we take a smear the overall and send to the count room, in order to get the Isotopic, but I know that can to calculate with direct radiation, is true?
And we need to transport to the laundry.
I exposed some brain sections, which were treated with 3H-DAMGO, on an autoradiographic film, and as usual in this case, the exposure time was about 1 week.
Unfortunately, at the end I couldn't scan the films so I am wondering if I can expose the same slides to another film.
Tritium has a very low radioactivity but it should be pretty stable (I think, according to the half-life) so maybe after 1 week there is still going to be enough radioactivity so that I can expose the slides again, maybe for a longer time.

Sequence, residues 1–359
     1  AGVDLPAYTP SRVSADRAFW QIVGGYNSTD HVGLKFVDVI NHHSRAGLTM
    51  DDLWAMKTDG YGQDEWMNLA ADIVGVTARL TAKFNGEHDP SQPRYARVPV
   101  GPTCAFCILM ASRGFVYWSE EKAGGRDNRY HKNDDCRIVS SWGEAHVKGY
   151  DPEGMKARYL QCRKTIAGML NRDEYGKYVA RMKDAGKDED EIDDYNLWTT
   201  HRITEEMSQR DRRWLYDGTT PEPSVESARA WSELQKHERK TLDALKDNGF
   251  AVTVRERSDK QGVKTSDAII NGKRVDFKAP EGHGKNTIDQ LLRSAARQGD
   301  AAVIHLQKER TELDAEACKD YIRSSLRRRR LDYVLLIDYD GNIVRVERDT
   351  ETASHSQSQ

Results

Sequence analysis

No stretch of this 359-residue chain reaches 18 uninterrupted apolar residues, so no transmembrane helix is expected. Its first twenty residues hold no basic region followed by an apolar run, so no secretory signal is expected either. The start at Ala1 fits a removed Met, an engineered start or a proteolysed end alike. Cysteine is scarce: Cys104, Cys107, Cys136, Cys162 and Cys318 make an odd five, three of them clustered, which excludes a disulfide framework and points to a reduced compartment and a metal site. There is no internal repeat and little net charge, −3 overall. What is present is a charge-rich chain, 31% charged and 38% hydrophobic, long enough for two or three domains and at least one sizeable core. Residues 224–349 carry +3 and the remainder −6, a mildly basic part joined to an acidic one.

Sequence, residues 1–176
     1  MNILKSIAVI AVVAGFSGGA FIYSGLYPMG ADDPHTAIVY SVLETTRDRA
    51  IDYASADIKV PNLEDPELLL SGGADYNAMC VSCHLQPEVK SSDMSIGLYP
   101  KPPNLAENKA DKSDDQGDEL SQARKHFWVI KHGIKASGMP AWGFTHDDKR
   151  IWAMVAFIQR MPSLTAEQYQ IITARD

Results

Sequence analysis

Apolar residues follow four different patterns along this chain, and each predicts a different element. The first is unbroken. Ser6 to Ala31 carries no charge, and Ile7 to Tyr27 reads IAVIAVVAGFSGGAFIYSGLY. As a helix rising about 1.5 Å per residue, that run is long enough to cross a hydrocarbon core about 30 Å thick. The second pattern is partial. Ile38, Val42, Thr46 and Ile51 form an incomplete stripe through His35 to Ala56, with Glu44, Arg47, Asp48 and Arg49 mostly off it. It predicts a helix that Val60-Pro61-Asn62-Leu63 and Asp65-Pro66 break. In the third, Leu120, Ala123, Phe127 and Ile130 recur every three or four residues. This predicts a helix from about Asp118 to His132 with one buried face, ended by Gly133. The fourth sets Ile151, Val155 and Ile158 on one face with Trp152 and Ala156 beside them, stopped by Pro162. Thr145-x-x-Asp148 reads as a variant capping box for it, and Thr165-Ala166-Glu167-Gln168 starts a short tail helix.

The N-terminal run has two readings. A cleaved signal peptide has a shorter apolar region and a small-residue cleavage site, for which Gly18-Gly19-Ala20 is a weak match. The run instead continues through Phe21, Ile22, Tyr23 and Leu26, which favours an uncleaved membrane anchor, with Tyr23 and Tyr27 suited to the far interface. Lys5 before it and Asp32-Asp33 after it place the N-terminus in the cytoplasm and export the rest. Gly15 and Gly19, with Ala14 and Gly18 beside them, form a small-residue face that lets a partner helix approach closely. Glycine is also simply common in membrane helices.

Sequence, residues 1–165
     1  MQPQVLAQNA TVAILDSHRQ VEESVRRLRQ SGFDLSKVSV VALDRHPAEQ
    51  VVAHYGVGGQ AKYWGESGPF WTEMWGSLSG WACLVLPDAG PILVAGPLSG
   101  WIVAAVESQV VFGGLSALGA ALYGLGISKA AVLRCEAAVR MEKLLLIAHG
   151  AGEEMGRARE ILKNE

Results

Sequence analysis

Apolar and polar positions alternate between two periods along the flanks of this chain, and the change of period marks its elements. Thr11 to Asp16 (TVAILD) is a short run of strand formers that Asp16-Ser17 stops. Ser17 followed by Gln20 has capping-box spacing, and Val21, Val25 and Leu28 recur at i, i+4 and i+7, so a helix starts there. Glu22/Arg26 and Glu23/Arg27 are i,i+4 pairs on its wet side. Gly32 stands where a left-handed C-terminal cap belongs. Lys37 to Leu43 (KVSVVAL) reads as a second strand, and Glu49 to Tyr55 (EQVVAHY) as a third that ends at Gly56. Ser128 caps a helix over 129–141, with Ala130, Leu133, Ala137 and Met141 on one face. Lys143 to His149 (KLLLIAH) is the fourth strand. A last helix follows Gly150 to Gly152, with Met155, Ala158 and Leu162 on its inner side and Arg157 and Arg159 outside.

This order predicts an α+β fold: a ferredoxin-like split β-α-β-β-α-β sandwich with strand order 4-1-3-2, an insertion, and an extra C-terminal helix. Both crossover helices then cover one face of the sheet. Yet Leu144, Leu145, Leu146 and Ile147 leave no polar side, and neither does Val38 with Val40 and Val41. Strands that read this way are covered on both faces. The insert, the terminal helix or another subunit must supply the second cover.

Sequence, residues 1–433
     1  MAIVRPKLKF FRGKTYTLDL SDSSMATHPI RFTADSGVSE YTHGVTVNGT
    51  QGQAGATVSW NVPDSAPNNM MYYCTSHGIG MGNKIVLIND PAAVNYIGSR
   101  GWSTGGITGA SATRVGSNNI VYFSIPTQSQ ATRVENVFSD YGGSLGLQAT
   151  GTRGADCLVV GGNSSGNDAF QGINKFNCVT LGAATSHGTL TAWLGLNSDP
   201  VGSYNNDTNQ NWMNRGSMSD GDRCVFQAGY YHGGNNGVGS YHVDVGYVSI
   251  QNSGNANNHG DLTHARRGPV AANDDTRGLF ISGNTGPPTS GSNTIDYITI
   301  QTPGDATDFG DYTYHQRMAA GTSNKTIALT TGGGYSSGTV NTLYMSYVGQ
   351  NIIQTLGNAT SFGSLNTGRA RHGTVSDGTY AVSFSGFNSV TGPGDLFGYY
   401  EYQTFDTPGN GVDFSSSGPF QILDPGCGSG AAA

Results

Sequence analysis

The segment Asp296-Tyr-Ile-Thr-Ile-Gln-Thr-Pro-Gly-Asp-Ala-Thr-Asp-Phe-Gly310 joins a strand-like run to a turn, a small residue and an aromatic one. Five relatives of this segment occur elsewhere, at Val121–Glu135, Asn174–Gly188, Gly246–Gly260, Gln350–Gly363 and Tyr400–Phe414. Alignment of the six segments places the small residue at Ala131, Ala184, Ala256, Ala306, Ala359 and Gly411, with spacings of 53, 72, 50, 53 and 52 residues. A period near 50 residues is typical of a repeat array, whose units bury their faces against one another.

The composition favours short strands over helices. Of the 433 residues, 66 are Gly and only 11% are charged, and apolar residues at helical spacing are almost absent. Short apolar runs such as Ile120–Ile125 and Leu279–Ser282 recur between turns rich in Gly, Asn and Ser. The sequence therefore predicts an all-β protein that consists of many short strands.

What do you think?
Thank you in advance.
Has anybody some experience doing this kind of experiments? We are trying to quantify glutamate uptake by human astrocytes using the method followed by Pines and Kanner in 1990, with tritiated glutamate.
We have some doubts regarding the methods used to quantify radiation. Is it better to use a scintillation counter or a microbeta? Does someone have a specific protocol to do so?
Thank you in advance!